As I read through Scripture, there are some passages that just grab my attention and make me think. Often those passages involve lists. There are probably dozens of these in the New Testament alone, and I’m sure you’ll recognize a few, like
- The Beatitudes in Matthew’s gospel
- The characteristics of love in I Corinthians
- The fruit of the Spirit in Galatians
- The armor of God in Ephesians
I guess it’s a guy thing. We like action, and there’s something about a list that encourages action, that breaks down a project into more manageable tasks. Some of those list passages offer a set of filters for working through a situation. Like in I Thessalonians 5:14 (NASB):
“And we urge you, brothers,
admonish the unruly,
encourage the fainthearted,
help the weak,
be patient with everyone.”
That list has always intrigued me. I had always assumed it gave instruction on dealing with difficult people, but until recently I never really dug into it. So I decided to devote several of my morning quiet times to the passage, delving into the meaning of the words, understanding the four challenges within the larger context of the passage and meditating on what the verse looks like applied in my own life.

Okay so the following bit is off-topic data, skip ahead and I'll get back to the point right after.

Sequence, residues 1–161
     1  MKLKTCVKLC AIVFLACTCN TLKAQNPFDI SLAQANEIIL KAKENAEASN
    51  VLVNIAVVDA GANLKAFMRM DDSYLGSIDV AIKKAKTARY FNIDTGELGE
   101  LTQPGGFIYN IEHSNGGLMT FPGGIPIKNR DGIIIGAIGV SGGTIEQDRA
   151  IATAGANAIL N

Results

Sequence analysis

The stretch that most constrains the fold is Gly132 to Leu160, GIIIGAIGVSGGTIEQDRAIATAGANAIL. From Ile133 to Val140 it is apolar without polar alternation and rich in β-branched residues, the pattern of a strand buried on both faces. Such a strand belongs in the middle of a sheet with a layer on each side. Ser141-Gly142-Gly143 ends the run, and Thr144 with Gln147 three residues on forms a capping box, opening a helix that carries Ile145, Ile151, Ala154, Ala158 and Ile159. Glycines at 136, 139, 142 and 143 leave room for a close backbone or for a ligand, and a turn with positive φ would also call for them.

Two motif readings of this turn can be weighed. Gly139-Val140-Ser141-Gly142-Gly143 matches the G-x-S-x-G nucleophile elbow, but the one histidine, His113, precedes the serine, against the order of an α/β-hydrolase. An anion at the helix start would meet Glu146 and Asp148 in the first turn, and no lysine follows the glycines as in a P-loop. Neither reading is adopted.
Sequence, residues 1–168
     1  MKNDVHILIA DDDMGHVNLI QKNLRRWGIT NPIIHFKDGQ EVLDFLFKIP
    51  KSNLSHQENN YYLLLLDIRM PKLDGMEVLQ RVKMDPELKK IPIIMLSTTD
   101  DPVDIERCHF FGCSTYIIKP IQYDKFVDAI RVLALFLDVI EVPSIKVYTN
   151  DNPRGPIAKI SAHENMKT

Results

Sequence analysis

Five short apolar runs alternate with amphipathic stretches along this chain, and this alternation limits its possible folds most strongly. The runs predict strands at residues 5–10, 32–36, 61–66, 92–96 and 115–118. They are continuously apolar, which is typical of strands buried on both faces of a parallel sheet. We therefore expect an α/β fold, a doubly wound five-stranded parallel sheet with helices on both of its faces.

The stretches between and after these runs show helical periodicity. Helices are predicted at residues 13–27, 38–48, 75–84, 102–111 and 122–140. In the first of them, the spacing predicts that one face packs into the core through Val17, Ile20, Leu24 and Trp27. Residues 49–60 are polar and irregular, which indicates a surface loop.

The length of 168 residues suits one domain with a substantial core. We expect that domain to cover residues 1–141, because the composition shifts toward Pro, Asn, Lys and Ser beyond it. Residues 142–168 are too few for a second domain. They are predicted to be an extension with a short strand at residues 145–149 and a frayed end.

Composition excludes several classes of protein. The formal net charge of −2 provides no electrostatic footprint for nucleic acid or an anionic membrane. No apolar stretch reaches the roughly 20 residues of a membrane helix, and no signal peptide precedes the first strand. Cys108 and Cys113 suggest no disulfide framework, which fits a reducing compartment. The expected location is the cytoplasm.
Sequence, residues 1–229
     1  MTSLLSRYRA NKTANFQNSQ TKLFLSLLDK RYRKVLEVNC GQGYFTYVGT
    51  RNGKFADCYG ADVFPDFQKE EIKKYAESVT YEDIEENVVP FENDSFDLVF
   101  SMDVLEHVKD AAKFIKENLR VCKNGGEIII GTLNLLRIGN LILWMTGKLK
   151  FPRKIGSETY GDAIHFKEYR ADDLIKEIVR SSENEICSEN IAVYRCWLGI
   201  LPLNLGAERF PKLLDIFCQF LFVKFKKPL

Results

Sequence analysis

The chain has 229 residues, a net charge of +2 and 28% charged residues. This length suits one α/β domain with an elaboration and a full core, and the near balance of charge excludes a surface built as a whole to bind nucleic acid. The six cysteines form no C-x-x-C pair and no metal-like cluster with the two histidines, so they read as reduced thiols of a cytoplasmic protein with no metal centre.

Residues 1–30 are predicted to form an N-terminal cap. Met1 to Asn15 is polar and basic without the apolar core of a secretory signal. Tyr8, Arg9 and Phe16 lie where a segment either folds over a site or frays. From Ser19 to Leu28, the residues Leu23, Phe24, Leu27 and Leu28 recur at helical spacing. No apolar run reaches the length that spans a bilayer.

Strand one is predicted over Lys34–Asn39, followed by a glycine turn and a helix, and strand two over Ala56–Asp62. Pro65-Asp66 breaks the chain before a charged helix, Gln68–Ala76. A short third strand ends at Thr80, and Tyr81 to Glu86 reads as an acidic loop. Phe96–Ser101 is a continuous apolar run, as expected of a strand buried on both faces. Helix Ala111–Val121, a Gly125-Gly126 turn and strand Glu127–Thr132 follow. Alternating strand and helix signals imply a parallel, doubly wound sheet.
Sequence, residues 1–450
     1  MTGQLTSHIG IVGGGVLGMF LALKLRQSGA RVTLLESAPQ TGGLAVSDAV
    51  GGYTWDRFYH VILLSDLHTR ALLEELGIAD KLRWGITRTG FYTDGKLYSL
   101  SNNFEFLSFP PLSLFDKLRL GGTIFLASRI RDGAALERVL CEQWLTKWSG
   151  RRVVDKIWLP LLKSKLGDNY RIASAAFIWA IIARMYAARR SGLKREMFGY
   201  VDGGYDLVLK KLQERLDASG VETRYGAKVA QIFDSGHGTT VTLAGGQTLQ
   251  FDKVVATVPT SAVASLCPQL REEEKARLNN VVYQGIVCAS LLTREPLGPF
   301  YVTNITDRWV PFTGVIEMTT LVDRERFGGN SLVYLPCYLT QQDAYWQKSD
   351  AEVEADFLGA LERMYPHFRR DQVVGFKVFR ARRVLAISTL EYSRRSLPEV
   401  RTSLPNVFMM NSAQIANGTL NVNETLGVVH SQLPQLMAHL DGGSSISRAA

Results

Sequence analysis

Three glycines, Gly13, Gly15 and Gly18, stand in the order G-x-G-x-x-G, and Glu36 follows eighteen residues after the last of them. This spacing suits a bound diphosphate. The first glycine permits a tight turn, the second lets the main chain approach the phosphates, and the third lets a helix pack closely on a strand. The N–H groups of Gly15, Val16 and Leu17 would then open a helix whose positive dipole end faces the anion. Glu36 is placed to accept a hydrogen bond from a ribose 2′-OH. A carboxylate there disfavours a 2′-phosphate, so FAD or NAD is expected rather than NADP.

The big picture
Right off, I saw that the four-item list was actually three specific challenges and one overarching one. The Apostle Paul points out that there are three different types of behaviors you can expect to encounter when you’re dealing with people, and how you can properly respond to them when they come up. As I studied, I was sure that understanding the passage would help me recognize situations where I could put the principles to use as I dealt with people throughout the day. But where would they show up, and how would I know it when they did?
Eventually it hit me square in the face. I’ve actually been encountering the situations and dealing with them almost every day for years … in my own home. The reason I’d missed the wisdom of this verse is because it’s listed in reverse order of how I had learned it as a dad.
My wife Ellie and I have raised seven children to adolescence and beyond. When our first was born, I was struck by how helpless he was. He was dependent on us for everything. As he grew and acquired skills and experience, I had to encourage him that he was able to do more than he realized he could. He just needed to apply what he’d learned to the life situations he was encountering.
And as he reached the teen years and started choosing his own way in the world, I had to constantly convince him that there’s a big difference between learning and knowledge, between facts and experience. And I had to admonish him that life was not just about him, but just as much about using what he’s learned in order to relate to those around him.
As each of our seven children grew in wisdom and stature, their personalities may have been different, but the principles were always the same. They needed to learn the basics, apply them to their own lives, then learn to use them in their dealings with others. And they needed someone along the way to help them navigate that path to maturity.